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Instagram account Dead Motels USA is a curatorial project celebrating the oddness and specificity of roadside attractions

Hotel, Motel, Holiday Inn

Instagram account Dead Motels USA is a curatorial project celebrating the oddness and specificity of roadside attractions

Shirley Apartments in Miami Beach, Florida (Courtesy John Margolies Roadside America Photograph Archive/Library of Congress, Prints and Photographs Division)

In October 2018, critic and journalist Kate Wagner published an article in The Baffler about online communities of hobbyist preservationists. They were collecting imagery of decaying and decommissioned buildings and posting their investigations on image-based social media sites, gaining huge followings. The phenomenon as described by Wagner constitutes a shadow populist historic preservation movement that rivals “the two most substantial national surveys of written, photographic, and architectural documentation of American vernacular architecture, combined,” meaning the Library of Congress’s Historic American Building Survey (HABS) and Historic American Landscapes Survey (HALS).

Instagram has its own brand of hobbyist preservationists. Rather than collective image gathering that defines sites like Flickr and Facebook, Instagram’s profiles and timeline structure require users to curate their desired experience for both sharing and consuming images. As such, Instagram’s sharing experience is more focused, encouraging popular profiles to dedicate themselves to a distinct subject. One such Instagram profile, focused on archiving a specific architectural type is Dead Motels USA, which documents motels—short for “Motor Hotel.” An architectural typology ontologically linked to a bygone era of American post-war optimism, surburbanism, and cross-country car travel, motels had their heyday between 1930 and 1970, peaking in 1964 with around 61,000 nationwide. Since then, though, their decline has been precipitous, thanks to a desire among travelers for the more consistent lodging experience granted by chain hotels. But even if the kitschy, Mom and Pop motels era ended decades ago, images of these neon giants continue to inspire nostalgia, and the hobbyist preservationist community that has coalesced around Instagram account Dead Motels USA.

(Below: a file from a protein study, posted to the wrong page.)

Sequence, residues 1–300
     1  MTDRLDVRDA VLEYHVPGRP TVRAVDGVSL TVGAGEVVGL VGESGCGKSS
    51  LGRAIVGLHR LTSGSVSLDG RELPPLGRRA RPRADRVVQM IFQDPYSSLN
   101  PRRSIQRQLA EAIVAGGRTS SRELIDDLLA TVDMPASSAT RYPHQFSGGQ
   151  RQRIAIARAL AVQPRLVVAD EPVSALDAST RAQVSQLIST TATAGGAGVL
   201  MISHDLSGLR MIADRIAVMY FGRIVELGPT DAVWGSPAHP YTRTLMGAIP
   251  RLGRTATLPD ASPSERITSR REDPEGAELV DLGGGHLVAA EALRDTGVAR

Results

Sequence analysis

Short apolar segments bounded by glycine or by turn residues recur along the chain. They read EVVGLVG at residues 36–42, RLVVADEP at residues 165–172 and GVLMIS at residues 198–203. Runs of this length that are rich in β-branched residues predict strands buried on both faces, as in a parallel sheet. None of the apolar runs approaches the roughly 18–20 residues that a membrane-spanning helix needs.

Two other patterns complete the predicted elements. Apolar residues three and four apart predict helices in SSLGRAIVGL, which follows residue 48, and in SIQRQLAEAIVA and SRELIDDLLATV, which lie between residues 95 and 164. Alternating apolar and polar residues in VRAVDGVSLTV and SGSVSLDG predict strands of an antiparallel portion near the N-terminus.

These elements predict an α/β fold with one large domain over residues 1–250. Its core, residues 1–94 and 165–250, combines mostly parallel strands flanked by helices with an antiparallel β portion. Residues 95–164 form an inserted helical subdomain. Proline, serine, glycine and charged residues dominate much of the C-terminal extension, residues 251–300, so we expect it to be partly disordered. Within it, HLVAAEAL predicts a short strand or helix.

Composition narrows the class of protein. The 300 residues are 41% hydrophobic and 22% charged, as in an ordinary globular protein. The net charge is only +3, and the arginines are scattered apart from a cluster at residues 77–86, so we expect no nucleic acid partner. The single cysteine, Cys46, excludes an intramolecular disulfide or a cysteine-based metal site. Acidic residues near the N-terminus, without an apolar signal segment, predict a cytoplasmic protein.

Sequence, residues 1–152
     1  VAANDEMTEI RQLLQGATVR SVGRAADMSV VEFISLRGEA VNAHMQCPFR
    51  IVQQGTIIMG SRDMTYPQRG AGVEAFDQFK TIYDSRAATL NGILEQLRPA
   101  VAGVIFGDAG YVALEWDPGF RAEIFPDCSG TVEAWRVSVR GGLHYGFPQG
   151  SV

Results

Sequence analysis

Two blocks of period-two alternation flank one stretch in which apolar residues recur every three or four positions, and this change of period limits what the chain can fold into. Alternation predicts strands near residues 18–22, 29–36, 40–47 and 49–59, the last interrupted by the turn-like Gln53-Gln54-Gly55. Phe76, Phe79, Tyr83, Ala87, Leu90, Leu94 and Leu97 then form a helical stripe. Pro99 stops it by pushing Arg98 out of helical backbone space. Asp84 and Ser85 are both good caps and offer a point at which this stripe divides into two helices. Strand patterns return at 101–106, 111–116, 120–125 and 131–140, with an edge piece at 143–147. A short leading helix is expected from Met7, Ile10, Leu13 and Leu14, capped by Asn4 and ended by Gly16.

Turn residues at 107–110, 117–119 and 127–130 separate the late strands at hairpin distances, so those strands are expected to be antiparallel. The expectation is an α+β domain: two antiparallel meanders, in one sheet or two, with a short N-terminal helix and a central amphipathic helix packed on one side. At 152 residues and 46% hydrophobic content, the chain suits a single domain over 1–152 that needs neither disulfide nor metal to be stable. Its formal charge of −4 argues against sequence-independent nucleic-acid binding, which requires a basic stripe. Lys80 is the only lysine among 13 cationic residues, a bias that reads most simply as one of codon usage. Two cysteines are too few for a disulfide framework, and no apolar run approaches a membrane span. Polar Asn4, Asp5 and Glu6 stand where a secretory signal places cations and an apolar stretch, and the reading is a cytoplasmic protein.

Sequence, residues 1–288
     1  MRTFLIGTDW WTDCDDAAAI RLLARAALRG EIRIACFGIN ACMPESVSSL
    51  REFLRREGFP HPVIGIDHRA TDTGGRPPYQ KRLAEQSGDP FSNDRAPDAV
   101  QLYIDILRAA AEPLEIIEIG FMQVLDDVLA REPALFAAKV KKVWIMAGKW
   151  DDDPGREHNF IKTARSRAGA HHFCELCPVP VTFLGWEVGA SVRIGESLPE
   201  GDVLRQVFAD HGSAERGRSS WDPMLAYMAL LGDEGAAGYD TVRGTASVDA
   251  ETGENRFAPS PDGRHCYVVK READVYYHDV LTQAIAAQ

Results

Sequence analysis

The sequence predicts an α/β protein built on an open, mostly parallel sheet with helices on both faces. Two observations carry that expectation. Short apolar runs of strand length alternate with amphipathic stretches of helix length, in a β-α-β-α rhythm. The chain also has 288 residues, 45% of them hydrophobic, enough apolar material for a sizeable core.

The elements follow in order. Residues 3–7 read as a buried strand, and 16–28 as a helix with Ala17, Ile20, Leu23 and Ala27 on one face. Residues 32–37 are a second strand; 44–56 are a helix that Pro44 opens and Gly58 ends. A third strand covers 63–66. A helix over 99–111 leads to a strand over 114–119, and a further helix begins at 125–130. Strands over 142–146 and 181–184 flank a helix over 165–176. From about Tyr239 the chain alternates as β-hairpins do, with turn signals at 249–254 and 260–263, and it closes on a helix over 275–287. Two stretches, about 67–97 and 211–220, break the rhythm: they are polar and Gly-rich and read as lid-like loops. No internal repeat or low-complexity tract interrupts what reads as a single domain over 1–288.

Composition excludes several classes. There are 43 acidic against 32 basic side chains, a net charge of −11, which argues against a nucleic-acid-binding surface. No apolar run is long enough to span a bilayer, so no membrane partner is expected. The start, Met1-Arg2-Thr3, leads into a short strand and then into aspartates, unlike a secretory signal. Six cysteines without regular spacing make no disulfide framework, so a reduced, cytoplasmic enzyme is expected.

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Dead Motels USA is managed by E. Hussa, a social worker who started the Instagram in 2018 after she noticed many of the motels she stayed in or drove past as a child were disappearing.

“I always felt my interest in roadside motels was too niche for anyone to really care about,” said Hussa in an interview with The Architects Newspaper.  “Turns out, it really wasn’t as obscure as I thought.” The success of her Instagram profile has skyrocketed to 132,000 followers, as well as a website, Etsy shop, and book.

 

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Dead Motels USA posts follow a similar format: an image of the motel in its prime; an image of the motel that shows a liminal condition, usually post-renovation; and an image of the motel mid-decomposition. Captions on these posts often document the history of the motel, describing its opening and what brought about the current state of disrepair. The bygone landmarks may have been purchased by a private equity firm or large chain, but just as often they simply are left abandoned. Their ruination, when photographed, acts like a time capsule, and an Instagram audience fueled by nostalgia is on the scene (virtually) to appreciate this.